More about Modern Slavery


The Modern Slavery Act 2015 is the first of its kind in Europe, and one of the first in the world, to specifically address slavery and trafficking in the 21st century.

The new legislation significantly enhances support and protection for victims, gives law enforcement the tools they need to target today’s slave drivers, ensures perpetrators can be severely punished, and includes a world leading provision to encourage business to take action to ensure their end-to-end supply chains are slavery free.

The Act includes a clause requiring companies operating in the UK to report annually on the steps they have taken to ensure that their international supply chains are slavery-free.


“Big Business will be forced to make public its efforts to stop the use of slave labor by its suppliers” From October 2015 the Transparency in Supply Chain Provisions require businesses to publish an annual statement if they have an annual turnover above the £36 Million threshold.


If you operate in the United Kingdom and have an Annual Turnover above £36 Million you will be required to publish a “slavery and human trafficking statement” setting out the steps you have taken to ensure slavery and human trafficking is not taking place in your supply chains or within your own business.


The statement must confirm the steps taken to ensure that slavery and human trafficking are not taking place in the business (or in any supply chain) or declare that no steps to confirm the existence of slavery or trafficking have been taken. It is expected that few businesses would take the latter option as it may place their ethical position into question and affect their reputation.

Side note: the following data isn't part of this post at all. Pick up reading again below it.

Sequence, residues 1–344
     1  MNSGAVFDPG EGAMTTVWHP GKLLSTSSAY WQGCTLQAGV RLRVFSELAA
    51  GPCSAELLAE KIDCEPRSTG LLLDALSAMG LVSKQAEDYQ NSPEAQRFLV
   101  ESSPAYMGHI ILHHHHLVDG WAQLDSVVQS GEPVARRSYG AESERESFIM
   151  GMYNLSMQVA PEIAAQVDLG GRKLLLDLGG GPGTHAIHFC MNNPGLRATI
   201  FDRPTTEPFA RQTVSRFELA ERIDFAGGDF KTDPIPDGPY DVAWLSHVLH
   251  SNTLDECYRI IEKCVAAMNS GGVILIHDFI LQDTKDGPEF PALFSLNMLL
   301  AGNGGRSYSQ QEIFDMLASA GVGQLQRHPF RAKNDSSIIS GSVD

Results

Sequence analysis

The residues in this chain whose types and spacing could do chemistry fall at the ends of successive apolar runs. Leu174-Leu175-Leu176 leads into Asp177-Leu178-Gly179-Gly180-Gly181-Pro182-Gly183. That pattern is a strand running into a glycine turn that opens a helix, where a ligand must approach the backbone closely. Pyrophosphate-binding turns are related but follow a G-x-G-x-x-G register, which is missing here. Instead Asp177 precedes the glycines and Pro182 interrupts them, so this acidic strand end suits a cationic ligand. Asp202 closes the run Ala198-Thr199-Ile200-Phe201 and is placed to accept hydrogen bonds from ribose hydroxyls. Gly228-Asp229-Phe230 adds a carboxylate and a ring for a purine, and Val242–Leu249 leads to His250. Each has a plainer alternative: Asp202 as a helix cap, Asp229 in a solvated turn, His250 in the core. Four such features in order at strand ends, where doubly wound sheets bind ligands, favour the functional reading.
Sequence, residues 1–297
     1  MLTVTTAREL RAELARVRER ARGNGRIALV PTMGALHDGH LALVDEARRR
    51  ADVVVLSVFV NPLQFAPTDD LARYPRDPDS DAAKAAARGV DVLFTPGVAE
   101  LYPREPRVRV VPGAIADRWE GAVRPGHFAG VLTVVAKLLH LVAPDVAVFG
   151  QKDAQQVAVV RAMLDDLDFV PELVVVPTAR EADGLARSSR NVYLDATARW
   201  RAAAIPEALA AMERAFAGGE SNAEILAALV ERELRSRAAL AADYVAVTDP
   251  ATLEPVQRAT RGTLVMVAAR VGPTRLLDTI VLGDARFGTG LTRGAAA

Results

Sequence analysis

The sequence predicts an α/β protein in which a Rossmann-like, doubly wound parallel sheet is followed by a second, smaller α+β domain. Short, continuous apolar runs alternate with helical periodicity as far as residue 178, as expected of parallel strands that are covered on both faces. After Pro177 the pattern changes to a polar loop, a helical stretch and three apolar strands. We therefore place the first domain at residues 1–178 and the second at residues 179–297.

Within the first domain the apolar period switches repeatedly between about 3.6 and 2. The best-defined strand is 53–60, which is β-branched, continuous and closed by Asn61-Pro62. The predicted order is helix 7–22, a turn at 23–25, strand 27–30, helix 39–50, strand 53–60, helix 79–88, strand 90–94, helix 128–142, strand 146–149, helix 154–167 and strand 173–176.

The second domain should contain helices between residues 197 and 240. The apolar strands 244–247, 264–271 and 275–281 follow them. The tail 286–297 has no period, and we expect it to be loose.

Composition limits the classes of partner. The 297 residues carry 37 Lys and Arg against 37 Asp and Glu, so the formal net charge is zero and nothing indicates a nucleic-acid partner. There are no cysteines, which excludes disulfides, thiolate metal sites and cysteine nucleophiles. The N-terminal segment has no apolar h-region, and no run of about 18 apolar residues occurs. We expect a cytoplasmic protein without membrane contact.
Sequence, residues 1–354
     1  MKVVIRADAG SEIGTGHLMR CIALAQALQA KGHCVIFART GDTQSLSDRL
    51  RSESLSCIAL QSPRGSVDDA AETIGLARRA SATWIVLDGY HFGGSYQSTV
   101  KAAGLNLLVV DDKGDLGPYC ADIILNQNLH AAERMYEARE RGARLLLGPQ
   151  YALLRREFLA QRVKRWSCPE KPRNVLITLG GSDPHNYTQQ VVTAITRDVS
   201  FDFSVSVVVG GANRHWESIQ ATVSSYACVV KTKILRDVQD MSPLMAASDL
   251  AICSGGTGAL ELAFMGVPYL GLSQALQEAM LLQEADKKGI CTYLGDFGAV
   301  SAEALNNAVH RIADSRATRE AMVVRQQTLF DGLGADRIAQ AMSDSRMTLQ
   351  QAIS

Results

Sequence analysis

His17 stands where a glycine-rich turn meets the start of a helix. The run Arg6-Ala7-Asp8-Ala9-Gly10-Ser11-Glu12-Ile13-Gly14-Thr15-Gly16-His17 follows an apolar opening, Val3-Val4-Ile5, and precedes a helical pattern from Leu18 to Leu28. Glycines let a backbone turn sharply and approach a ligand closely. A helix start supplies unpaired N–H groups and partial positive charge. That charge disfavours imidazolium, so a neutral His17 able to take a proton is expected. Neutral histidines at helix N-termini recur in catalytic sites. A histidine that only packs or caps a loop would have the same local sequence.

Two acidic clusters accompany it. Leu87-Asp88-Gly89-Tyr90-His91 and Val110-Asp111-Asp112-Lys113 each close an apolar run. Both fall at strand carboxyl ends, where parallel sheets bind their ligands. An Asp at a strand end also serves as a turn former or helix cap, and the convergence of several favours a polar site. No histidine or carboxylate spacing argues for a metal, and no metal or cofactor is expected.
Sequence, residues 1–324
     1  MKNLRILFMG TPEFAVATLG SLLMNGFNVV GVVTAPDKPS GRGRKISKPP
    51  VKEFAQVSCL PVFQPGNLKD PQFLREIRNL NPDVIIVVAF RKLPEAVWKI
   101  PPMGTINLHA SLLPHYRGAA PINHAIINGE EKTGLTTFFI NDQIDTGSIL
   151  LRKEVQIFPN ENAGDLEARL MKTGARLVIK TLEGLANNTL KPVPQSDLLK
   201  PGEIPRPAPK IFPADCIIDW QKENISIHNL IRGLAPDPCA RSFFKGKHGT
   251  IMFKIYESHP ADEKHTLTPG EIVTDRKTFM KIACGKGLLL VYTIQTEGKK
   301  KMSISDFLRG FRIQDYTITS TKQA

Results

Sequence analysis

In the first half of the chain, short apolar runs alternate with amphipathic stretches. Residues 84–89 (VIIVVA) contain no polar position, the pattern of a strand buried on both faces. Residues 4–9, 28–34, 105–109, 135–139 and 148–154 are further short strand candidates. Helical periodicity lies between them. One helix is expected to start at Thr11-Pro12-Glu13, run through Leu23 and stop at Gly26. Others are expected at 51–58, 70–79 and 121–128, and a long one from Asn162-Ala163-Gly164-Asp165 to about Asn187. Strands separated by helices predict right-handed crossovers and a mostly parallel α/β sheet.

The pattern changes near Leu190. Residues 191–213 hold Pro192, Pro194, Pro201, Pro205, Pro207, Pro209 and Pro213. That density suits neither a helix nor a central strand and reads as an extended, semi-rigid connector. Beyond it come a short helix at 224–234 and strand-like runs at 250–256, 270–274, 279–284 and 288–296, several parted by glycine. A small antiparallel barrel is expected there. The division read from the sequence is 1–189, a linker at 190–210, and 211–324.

The statement will be a public-facing document, written in simple language that is easily understood by everyone and written in English (may also be available in other languages relevant to the business and it supply chain).


While the Act does not prescribe on the exact contents or length of the statement, from our research Sustainable Supply Chains offers guidance on what might be included and advises the statement be succinct and set out the steps taken during the financial year to ensure slavery and human trafficking is not taking place in any part of your business or supply chains.

Information to be contained in the statement includes details of:

Organisation’s structure, including its business and supply chains
Organisation policies relating to slavery and human trafficking
Companies’ due diligence processes relating to slavery and human trafficking in their supply chains;
Reporting on the parts of the company and its supply chains where there is a risk of slavery and trafficking taking place, and how to assess and manage said risk;
Reporting on staff training on slavery and human trafficking;
Reporting on companies’ effectiveness in ensuring that slavery and trafficking are not taking place in their businesses or supply chains (this could include measurement against KPIs)


Before writing the statement an Organisation will need to ensure it has something to write about, some good news stories, a defined organisational process for dealing with and eliminating instances of modern slavery or human rights violation from its business and supply chain.

The Sustainable Supply Chains Modern Slavery Act (MSA) Diagnostic Tool is generic and can be used by any organisations with an annual turnover above £36M. It will enable the reader to measure how well positioned you are to embed the MSA into your business and eliminate instances of modern slavery or human rights violation from your business and supply chain.

This tool is designed to help you understand how aligned your current processes and procedures are with best practice and how to embed best practice into your processes.

Click on the image below to take the test